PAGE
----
It’s telling that perhaps the best wine book of last year, Amber Revolution by Simon Woolf, was self-published, though you’d never guess from the quality of the design, photography or editing. Wine books are a tough slog for publishers unless they’re written by one of the big four: Clarke, Johnson, Robinson and Spurrier (sounds like a firm of provincial solicitors).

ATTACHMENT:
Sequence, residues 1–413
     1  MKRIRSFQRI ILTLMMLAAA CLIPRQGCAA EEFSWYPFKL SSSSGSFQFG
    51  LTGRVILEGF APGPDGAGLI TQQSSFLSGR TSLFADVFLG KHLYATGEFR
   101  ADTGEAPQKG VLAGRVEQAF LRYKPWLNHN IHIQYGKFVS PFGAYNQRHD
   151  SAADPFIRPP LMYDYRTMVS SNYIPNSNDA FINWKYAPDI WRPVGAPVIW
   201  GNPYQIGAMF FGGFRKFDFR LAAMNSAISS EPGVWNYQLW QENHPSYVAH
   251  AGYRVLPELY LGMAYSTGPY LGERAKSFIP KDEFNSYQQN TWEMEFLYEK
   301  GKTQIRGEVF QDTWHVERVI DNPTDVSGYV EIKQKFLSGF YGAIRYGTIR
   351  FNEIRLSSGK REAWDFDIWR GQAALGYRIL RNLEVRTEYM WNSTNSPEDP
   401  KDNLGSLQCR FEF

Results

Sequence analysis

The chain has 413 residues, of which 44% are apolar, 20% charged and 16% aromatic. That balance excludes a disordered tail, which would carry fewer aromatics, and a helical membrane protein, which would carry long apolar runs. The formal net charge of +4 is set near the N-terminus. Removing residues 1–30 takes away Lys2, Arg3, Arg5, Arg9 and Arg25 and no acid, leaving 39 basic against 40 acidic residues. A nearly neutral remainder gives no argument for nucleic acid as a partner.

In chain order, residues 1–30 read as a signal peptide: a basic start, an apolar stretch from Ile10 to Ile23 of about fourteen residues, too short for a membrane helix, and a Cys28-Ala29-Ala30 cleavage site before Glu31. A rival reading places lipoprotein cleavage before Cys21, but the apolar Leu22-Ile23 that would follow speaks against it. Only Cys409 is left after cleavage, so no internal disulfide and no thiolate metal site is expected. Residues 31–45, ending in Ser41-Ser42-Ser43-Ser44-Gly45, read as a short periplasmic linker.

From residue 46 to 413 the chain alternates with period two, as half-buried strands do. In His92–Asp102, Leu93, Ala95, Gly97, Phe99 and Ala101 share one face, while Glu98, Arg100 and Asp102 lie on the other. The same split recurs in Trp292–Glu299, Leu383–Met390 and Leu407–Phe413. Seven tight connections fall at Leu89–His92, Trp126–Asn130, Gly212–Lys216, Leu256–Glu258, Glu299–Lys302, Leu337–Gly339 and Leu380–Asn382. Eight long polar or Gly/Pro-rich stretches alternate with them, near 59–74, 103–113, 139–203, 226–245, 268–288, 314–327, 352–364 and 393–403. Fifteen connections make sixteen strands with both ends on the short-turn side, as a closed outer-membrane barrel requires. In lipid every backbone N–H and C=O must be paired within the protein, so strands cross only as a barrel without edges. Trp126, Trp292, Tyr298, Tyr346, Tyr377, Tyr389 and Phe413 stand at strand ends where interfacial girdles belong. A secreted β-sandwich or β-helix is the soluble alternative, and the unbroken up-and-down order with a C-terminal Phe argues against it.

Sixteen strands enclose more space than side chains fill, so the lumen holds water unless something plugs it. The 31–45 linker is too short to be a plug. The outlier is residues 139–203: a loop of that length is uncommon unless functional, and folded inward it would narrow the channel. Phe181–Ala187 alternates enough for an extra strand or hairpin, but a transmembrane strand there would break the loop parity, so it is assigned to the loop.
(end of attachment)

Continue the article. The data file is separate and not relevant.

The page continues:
Hugh Johnson wrote the first World Atlas of Wine in 1971. Since the 1998 edition he has been, in his words, ‘progressively passing the baton’ to Jancis Robinson. It’s astonishing how much has changed; early editions were little more than France, Germany, Italy, sherry and port. Now this eighth edition (Mitchell Beazley, £50) contains maps of Croatia, Lebanon, Virginia and — a contender for the birthplace of wine — Georgia (the country, that is).